Words of wisdom in Kazakhstan

IMG-20181017-WA0007Mr Samir Somaiya was invited by the President of Kazakhstan, Nursultan Nazarbayev, to attend their 6th Congress of World and Traditional Religions, and invited to speak on behalf of Hinduism. Dr Shantilal Somaiya has been recognised and revered in Kazakhstan for his work in fostering interfaith understanding.







The text of Mr Samir Somaiya’s speech is below.

His Excellency Mr Nursultan Nazarbayev, President of Kazakhstan. His Excellency Kassym-Jomart Tokayev, Leaders and Representatives of World and Traditional Religions The word secure, is derived from Latin, and means ‘se’ – without, and ‘cura’, care. Meaning ‘without care’. Without worry. Without fear. How do we help create a world where we all feel secure, free from fear and threats, and one in which we feel free to dream, hope and pursue our dreams. The Sanskrit verse, taken from the sixth chapter of the Maha Upanishad, is engraved at the entrance hall of the Parliament of India.

The verse says:

अयं निजः परो वेति गणना लघुचेतसाम् |उदारचरितानां तु वसुधैव कुटुम्बकम् || 6.71

“This is mine, that is yours, say the small minded.  The entire world is a family, for the large-hearted.”(6.71)

We all live in very diverse worlds. Our worlds can be divided into nations, religions, languages, ethnicities, genders, and as many differences, we can think about. Our way of dress, the food we eat, the colour of our skin, the culture to which we belong, our way of worshipping God, etc., are all expressions of those differences. Do we celebrate this diversity? Or do we seek to want the world to look alike and exactly the same, and one that conforms to our worldview? These differences have often become an obstacle to our living together. They must instead be seen as enriching our human community and our lives. The verse quoted above makes us see the world as one without boundaries, and just as in a family we have different members with varied hopes, dreams, ages, and abilities, so also the entire world.

Mahatma Gandhi famously said, “The world has enough for everyone’s need, but not enough for everyone’s greed.” If one is to look at the world as one family, then one must care for the world.

The Bhagavad Gita also says that

यज्ञशिष्टाशिनः सन्तो मुच्यन्ते सर्वकिल्बिषैः ।

भुञ्जते ते त्वघं पापा ये पचन्त्यात्मकारणात् ॥ 3.13॥

Meaning, that one who cooks for himself alone, is committing a sin. And only he who eats last after providing for all is freed from sin.

Here, the meaning is to pursue action, to pursue work, but to work for all, and to partake of the fruit of one’s work, only after making sure that all others have been provided for. After we have ‘secured’ for others, their well being. If people in the world looked out only for themselves and did not bother or care for those around them, then you have the world that is ‘secure for me,’ but ‘there is no place for you’. Mahatma Gandhi was referring to this ‘greed’. We must not become blind to other people’s needs, deaf to their cries of help, indifferent to their problems. We must always be alive to address the needs of our extended families, the needs of those living next door, the needs of those working with us, the needs of those who we perceive to be ‘other’ than us, i.e., a different country, a different religion, a different culture.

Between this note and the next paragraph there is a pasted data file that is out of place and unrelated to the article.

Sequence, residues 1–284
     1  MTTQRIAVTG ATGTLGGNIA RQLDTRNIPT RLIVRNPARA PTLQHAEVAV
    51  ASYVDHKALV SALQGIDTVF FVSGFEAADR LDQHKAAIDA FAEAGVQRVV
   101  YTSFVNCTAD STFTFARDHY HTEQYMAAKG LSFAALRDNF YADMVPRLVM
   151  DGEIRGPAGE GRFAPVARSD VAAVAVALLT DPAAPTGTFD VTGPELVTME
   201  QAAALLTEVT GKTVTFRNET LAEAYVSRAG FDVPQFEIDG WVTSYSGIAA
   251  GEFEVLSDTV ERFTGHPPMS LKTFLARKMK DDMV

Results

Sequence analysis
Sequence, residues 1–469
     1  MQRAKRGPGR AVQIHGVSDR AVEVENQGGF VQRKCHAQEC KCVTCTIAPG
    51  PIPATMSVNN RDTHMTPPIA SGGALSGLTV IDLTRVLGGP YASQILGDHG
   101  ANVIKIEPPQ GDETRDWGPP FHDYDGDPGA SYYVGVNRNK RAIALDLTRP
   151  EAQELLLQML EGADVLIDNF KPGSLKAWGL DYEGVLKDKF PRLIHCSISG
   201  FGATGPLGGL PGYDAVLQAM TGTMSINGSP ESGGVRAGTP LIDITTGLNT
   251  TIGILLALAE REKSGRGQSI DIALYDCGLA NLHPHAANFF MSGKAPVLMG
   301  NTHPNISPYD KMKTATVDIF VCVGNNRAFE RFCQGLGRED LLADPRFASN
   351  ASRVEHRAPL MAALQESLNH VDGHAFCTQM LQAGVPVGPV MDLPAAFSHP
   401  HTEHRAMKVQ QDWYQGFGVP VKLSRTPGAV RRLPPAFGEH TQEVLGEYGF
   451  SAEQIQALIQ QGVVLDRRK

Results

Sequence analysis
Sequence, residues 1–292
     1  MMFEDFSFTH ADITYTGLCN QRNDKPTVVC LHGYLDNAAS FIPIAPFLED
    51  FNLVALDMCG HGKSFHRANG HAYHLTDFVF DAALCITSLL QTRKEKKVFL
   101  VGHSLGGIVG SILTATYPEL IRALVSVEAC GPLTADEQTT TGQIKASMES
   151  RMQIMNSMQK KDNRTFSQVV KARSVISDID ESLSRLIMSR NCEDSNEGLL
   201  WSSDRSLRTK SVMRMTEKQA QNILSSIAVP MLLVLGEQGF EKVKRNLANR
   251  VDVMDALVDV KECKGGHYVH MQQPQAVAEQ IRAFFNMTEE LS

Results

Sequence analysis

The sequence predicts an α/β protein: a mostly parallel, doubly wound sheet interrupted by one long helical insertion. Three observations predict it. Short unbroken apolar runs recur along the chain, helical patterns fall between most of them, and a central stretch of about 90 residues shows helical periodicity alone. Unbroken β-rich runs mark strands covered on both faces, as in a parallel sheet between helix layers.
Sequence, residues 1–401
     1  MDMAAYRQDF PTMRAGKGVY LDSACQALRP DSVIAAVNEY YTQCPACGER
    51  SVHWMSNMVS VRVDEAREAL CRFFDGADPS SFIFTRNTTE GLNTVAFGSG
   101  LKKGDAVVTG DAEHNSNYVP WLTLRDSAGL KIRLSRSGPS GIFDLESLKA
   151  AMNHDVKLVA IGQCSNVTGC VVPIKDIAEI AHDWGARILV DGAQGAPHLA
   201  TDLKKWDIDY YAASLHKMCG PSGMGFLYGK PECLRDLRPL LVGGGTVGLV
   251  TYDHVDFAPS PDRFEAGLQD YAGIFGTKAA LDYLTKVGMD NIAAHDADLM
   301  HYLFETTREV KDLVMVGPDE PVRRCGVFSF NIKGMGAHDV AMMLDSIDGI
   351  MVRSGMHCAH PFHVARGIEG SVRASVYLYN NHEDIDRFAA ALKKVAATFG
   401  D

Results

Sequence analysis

In the Atharvaveda, it has been said:

Earn with a hundred hands and give with a thousand hands.

“शतहस्त समाहर सहस्रहस्त संकिर” | (Atharvaveda III.24.5).

Meaning that one must work, and one must earn.  But one must earn to give. To provide a safer and more secure world.

And we must set examples in our own places of work and activity.   We all exercise some degree of ‘soft power’, i.e., a power exercised through persuasion, instead of ‘hard power’ that is exercised through military force or economic sanctions. This can be demonstrated by example, or the environment we create in our spheres of influence.  If I represent an educational institution, we must welcome all. All people from all walks of life, demographics, religions, languages, cultures. We must celebrate diversity. We must also understand that we may have different value systems. Do we provide a platform to be able to discuss different values?  Can we agree to differ, can we agree to come together?  Do we only tolerate one other, or do we truly respect each other?

Much violence is being perpetrated in the world in the name of religion, nationalities, languages, cultures, and other boundaries.

A poet famously said:

कोई हिन्दू कोई मुस्लिम कोई ईसाई है

सब ने इंसान न बनने की क़सम खाई है

निदा फाज़ली

Meaning that we have all decided to be Hindus, Muslims, and Christians over being people.  We must be people first and remember that in all conversations.

To see this unity, and to keep reminding us of this, we need dialogue.  Dialogue is about listening to, understanding, and learning from each other in the knowledge that truth and goodness are not exclusive to any religion in particular, but are spoken of in all religions.  

In this Sixth Congress of the Leaders of World and Traditional Religions, at the invitation of the Honourable President, Mr Nursultan Nazarbayev, we are provided with the opportunity to come together, and discuss how we can, hand in hand, create a better, secure, peaceful and harmonious world.  Let us keep trying.




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